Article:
Among its many destructive consequences, the illicit tobacco trade:
The increasing threat to security was recently illustrated by the European Commission:
The illicit tobacco trade has long been recognized as a main source of revenue for organized crime, and, in some cases, terrorist groups. The new European Agenda on Security adopted by the European Commission on 28 April 2015 recognizes the importance of fighting cigarette smuggling as a means of cutting off criminal groups from this revenue source.
Illicit tobacco trade as a threat to the national security of the United States:
The past two decades have provided a number of cases demonstrating the direct link between cigarette smuggling and serious organized criminal and terrorist activity in the United States. Illicit cigarette tax stamps helped to fund one of the convicted bombers in the first World Trade Center bombing in 1993, and U.S. government reports have found that illegal cigarette smuggling networks in the U.S. are being used to fund terrorist networks in the Middle East like Hezbollah, Hamas, and al Qaeda.
Security threats in other parts of the world:
At the 2009 International Law Enforcement Intellectual Property Crime Conference, Ronald K. Noble, INTERPOL Secretary General, stated:
Paramilitary groups and organized crime rely on counterfeiting – especially of cigarettes – to reap huge profits and even to fund terrorist activities.
Experts have also said illegal cigarette trafficking is a source of funding for terrorist group Islamic State (ISIS). According to Dr. Louise Shelley:
Oil is not ISIS’ only source of revenue… Still more funding comes from the sale of counterfeit cigarettes, pharmaceuticals, cell phones, antiquities, and foreign passports.
Christian Eckert, France’s Minister of Budget, also recognized the link between terrorism and illicit trade in an interview in 2015, where he stated the following:
What is clearly evolving is to involve Customs in the fight against terrorism. It is demonstrated and known that many jihadists are involved in petty crime (counterfeit, contraband of tobacco, drugs).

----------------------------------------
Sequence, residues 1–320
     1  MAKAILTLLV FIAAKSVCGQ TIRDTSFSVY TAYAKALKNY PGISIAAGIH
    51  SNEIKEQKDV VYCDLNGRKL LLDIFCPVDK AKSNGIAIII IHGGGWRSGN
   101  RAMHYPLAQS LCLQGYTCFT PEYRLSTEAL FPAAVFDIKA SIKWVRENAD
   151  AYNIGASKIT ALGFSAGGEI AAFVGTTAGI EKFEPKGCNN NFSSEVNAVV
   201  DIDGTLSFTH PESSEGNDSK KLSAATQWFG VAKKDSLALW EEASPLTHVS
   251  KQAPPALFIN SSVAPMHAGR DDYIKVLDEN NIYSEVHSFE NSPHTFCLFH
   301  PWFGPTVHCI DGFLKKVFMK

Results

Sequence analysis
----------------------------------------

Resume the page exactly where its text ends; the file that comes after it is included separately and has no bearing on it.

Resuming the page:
A report conducted by Frontier Economics, a leading European economics consultancy, estimates that between 2 and 2.6 million jobs have been lost globally due to counterfeiting and piracy of a wide range of consumer products, including brand name luxury goods and tobacco.
In the legal tobacco supply chain, manufacturers, suppliers, wholesalers, distributors, and retailers are all affected by illicit trade. Manufacturers suffer considerable financial losses, and long-term damage to their brands, which they have invested time and money to build. Wholesalers, distributors, and retailers lose because reduced demand for legal products leads to fewer sales. Small retailers not only lose cigarette sales, but also the sale of other items adult smokers usually buy when in their shops. To illustrate, in the two Canadian provinces of Ontario and Quebec, 2,300 convenience stores closed down in 2009, largely because they are unable to compete with the low prices of contraband cigarette offerings.
The World Health Organization (WHO) estimated in 2006 that global illicit trade costs governments USD 40-50 billion annually in lost tax revenues. These resources could have been used to fund other services such as public safety or education programs. The European Commission estimated that in 2015 the illicit trade in cigarettes resulted in tax loss of EUR 11.3 billion within the European Union.
Source: PMI Estimates & Framework Convention Alliance
Children should not smoke or use products containing nicotine. However criminals who deal in and profit from the illicit trade do not differentiate between consumers on any basis. Independent experts and government authorities agree that the illicit tobacco trade—by operating outside lawful and regulated channels—provides easy access to tobacco products to youth.